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WAGNER v. MAGELLAN HEALTH SERVICES

United States District Court, Northern District of Illinois, Eastern Division


June 21, 2000

RICHARD H. WAGNER, M.D., PLAINTIFF,
V.
MAGELLAN HEALTH SERVICES, INC., PATRICIA PENHALL, SEAN CULL, RON GERSTEIN, DR. ROBERT SULLIVAN, DR. WIRTHMAN, POLLY POPE AND DR. BRUCE ROBERTS, DEFENDANTS.

The opinion of the court was delivered by: Bucklo, District Judge.

      MEMORANDUM OPINION AND ORDER

Dr. Richard Wagner instituted this action alleging that he was "blacklisted" by managed care organization Magellan Health Services, Inc. ("Magellan") in violation of §§ 1 and 2 of the Sherman Antitrust Act, 15 U.S.C. § 1 et seq. Dr. Wagner also alleges defamation, civil conspiracy and intentional interference with contractual relations. Magellan and the individually-named defendants (the "defendants") move for judgment on the pleadings pursuant to Federal Rule of Civil Procedure 12(c). I grant the motion as to Counts I — III, and I dismiss the remaining counts, IV — VI, without prejudice for lack of subject matter jurisdiction. To the extent that Dr. Wagner's response to the motion to dismiss seeks to add a RICO claim, it is denied, but his motion to amend the complaint is granted.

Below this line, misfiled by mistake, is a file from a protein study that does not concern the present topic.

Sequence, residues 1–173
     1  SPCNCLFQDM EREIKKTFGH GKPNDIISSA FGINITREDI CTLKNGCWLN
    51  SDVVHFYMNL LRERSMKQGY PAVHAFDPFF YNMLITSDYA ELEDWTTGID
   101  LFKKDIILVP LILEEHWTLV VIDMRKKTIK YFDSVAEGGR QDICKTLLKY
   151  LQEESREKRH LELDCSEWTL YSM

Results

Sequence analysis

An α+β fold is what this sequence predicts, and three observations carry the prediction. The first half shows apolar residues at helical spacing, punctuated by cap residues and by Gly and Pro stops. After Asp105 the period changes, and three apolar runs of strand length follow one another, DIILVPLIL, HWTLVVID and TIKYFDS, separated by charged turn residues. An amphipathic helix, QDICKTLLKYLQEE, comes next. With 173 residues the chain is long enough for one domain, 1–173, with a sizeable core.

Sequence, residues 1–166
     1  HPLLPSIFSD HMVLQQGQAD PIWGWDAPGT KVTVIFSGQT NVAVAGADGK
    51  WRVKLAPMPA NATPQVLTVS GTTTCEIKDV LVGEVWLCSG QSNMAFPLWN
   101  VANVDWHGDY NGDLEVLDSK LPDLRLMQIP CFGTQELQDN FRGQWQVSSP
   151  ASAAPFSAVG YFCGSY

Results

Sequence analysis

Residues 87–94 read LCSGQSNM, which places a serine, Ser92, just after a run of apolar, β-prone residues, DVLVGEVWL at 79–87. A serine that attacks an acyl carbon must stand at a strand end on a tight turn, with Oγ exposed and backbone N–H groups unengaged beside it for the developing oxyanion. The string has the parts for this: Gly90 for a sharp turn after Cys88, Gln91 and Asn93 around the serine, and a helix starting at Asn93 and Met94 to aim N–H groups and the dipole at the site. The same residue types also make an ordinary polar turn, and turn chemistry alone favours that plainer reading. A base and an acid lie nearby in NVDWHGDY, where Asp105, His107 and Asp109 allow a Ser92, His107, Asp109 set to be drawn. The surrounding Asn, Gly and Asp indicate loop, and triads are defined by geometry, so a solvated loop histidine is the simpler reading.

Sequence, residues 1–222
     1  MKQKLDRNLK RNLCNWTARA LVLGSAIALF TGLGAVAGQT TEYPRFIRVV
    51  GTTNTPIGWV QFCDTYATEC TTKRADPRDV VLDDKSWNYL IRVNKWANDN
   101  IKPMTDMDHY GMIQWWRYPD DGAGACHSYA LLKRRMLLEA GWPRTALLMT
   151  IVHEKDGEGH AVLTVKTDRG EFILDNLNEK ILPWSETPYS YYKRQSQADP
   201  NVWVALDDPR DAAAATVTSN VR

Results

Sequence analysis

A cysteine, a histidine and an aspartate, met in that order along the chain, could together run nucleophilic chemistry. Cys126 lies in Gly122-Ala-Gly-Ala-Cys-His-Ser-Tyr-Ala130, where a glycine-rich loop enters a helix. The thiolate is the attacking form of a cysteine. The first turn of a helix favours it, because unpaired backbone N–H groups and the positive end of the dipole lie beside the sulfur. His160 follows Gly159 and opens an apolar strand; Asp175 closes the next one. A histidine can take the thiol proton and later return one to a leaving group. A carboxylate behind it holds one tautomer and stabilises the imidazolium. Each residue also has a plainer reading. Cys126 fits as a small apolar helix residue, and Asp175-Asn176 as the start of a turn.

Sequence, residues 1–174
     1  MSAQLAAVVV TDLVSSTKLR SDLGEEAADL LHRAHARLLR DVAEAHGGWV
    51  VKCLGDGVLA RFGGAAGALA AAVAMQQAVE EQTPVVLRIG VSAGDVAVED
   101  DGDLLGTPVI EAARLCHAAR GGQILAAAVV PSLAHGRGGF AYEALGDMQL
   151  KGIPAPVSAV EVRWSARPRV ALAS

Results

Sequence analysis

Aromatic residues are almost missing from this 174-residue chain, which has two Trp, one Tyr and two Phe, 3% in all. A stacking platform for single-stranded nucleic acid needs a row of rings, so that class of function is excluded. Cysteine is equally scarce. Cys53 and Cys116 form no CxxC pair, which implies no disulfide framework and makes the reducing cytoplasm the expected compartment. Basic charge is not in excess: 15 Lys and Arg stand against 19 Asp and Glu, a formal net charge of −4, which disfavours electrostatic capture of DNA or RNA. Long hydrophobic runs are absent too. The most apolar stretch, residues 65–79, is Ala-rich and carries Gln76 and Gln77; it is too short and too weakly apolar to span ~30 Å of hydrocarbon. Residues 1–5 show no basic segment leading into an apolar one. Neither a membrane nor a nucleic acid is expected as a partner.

I.

Richard Wagner is a licensed, board-certified psychiatrist with offices in Barrington, Illinois. Dr. Wagner also has staff privileges at Good Shepherd Hospital in Barrington, which require him to periodically be "on-call" for the hospital's emergency room. Magellan Health Services, Inc., ("Magellan"), is a managed care organization and a Delaware corporation with its principal place of business in Columbia, Maryland. Defendants Pengall, Gerstein, Sullivan, Wirthman, Pope, and Roberts are current or former employees of Magellan.